Academic journal article Business Education & Accreditation

Forecasting Financial Statements Using Risk Management Associates Industry Data

Academic journal article Business Education & Accreditation

Forecasting Financial Statements Using Risk Management Associates Industry Data

Article excerpt


Finance professionals must frequently forecast financial statements. The common practice for forecasting financial statements is to apply the percentage of sales method. In this paper, we develop a new method for forecasting financial statements based data available from The Risk Management Association. This method offers three advantages over the percentage of sales method. First, it specifies the appropriate percentages for each account using industry average data. Second, it allows the developer to use any figure in the income statement or balance sheet as a starting point. For example, an investor who knows only that they have $100,000 available to start a company can forecast a balance sheet and income statement. Third, the percentage of sales method applies only to the income statement, while the method developed here allows estimation of both the income statement and balance sheet. Statements produced using the technique presented here are easily defendable to skeptical bankers.

JEL: A22, A23, C52, C53, C58

KEYWORDS: Forecasting, Banking, Entrepreneurship

(ProQuest: ... denotes formulae omitted.)


This paper presents a new method to forecast financial statements. The approach relies on industry financial data available from Risk Management Associates (RMA), Annual Statement Studies. RMA Annual Statement Studies provide historical financial statements for some 760 industries based on the statements of firms that operate within each industry. The approach requires the user to provide a single estimate of sales or owner's equity contribution. From this estimate, a full balance sheet and income statement are prepared. This methodology is founded in scientific principles and derived from industry average data. As such, the resulting statements are more credible than percentage of sales or ad-hoc estimates. This added credibility should lead to better funding opportunities and lower capital costs. The method also allows financial analysts to make better recommendations and entrepreneurs to make better project selection decisions.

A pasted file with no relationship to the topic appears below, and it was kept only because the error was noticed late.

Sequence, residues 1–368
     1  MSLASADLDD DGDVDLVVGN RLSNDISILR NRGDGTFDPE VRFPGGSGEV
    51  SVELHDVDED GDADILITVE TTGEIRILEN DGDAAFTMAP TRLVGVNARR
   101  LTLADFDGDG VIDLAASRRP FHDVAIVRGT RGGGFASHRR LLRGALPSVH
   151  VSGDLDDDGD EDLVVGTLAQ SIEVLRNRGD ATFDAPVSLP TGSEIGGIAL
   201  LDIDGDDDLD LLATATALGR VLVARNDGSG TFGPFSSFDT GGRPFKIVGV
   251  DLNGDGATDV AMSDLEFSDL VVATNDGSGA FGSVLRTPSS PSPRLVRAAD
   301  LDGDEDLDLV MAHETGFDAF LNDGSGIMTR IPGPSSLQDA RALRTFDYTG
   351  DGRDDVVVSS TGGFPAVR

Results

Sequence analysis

The remainder of the paper is organized as follows: In the next section, we discuss the related literature. The following section discussed the RMA data. Next, financial statement forecasts based on an estimate of firm sales and an estimate of owner's equity contribution combined with RMA data are provided. The paper closes with some concluding comments and precautionary notes.


Many sources provide guidance for forecasting financiáis and preparing pro forma statements. The guidance suggests two basic approaches: percent of sales and comparable methods. The percent of sales approach uses history to forecast income statement and balance sheet accounts as a percent of projected sales. The judgmental approach improves on the strict percent of sales method by allowing for incorporation of additional information such as financial ratios to determine forecast levels of certain accounts that do not vary directly with sales volume. These accounts include capital expenditures and debt levels. Both methods require a sales forecast as a starting point.

Corporate Finance texts concentrate on forecasting required new funds or external sources of financing for large established firms with a history of operating results (Block, Hirt and Danielson, 2009)? (Gitman, 2009), (Brealey, Myers and Marcus, 2009) and (Ross, Westerfield and Jordan, 2010). Both approaches are well-suited for the analysis of long-term capital requirements of established firms. Financial Statement Analysis texts suggest preparing pro forma financial statements for prospective and credit analysis of established firms using a judgmental approach (Penman, 2010), (Subramayam and Wild, 2009), and (Revsine, Collins, Johnson and Mittelstaedt, 2009). The percent of sales and judgmental methods work well for companies that have past data to draw on but are not useful for a proposed or startup company that needs to present a viable business plan to a lending institution. …

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